Commissioners Reject Social Media Policy
Last updated 3/20/2019 at 8:25am
The Lake Wales City Commission at their March 19 meeting shot down a proposed city policy that attempted to regulate their ability to comment freely on social media.
City Commissioner Curtis Gibson said he supported a clear social media policy for employees but said he felt including elected officials was "out of bounds."
"Frankly, as the youngest member of the commission and the one who uses social media the most, I feel targeted by this proposed policy," Commissioner Gibson said. "I resent any attempt by the City Manager to limit my right to free speech."
Gibson pointed out that section C of the proposed policy said city officials "must submit content to a city moderator to review, authorize and allow to be posted on social media."
He listed the topics of recent posts that basically promoted city and community events and said "Getting prior approval from a city moderator would greatly inhibit my ability to use social media to promote the good things happening in Lake Wales."
City Human Resources Director Sandra Davis told LakeWalesNews.net that City Clerk Jennifer Nanek, as the City's public information officer, would be the moderator of social media communications. Davis wrote the proposed policy, saying "Adding city officials was suggested at the training put on by the Florida League of Cities."
But Commissioner Gibson said he could find no social media policies that tried to regulate the speech of elected officials in his review of the Florida League of Cities social media toolkit, checking with nearby cities, and discussions with commissioners and mayors from throughout the country at a recent National League of Cities conference.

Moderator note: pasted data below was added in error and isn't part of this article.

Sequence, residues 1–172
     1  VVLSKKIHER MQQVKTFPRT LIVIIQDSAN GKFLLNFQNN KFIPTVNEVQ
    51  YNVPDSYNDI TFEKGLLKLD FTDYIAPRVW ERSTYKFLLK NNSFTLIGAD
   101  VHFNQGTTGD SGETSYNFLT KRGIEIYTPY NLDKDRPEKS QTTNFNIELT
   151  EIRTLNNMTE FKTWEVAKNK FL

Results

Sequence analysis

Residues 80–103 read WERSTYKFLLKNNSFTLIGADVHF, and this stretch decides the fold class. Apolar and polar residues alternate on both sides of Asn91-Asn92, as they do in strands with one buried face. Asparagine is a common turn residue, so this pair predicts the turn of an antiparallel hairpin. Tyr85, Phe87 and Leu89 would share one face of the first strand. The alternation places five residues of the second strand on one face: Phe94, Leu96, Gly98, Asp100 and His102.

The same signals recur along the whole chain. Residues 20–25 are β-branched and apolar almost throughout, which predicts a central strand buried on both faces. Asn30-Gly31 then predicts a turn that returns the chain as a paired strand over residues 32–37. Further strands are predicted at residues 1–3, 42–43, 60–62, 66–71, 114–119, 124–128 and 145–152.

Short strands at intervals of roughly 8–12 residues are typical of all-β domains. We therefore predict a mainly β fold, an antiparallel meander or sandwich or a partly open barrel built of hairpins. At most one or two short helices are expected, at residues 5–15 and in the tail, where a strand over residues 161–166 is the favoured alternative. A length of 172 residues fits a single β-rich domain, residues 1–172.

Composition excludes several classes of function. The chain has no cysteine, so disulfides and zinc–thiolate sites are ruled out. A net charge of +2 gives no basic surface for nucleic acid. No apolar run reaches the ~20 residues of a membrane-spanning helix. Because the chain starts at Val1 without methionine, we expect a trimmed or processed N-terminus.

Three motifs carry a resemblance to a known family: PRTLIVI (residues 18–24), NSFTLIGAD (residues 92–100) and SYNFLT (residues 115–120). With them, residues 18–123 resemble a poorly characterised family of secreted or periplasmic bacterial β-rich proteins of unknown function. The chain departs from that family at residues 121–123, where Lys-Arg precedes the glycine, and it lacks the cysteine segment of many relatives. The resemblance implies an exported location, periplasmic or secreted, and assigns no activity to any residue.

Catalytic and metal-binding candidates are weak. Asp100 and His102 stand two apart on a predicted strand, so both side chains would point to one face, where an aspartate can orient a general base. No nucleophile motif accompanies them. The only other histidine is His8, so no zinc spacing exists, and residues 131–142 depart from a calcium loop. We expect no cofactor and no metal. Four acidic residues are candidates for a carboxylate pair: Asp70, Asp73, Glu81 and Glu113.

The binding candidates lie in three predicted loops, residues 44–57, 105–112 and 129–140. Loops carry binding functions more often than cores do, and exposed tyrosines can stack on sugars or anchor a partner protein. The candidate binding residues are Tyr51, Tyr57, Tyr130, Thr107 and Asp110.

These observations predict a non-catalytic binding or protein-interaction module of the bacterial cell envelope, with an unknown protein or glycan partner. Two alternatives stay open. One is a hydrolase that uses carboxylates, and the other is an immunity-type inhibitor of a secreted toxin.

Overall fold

"I am perfectly capable of regulating my own comments and making sure I comply with Florida's Sunshine and public records laws," Commissioner Gibson said. He said the city manager should be monitoring activities of city employees, not commissioners, reminding him: "We don't report to you."
Vice Mayor Robin Gibson said he still maintains a website created for his campaign and he doesn't think the city should regulate its content.
Mayor Eugene Fultz said commissioners are bound by state law and subject to investigation by the Florida elections Commission if they act inappropriately.
Davis backtracked and said if city commissioners didn't want to be included, they could be deleted from the policy.
City Manager Ken Fields tried to justify the policy by saying the city's Facebook page linked to commissioner pages, but Nanek said she looks at the officials' pages and only shares to the city page what is appropriate.
Vice Mayor Gibson said there needed to be a "clear separation" so it didn't look like the City was promoting candidates for office. Mayor Eugene Fultz and Commissioner Curtis Gibson are candidates for re-election April 2.
Commissioners agreed a revised policy could restrict the City from sharing the Facebook posts of city officials to avoid the appearance that they were promoting their re-election. The policy will be revised to cover only the activities of employees and brought back for commission approval.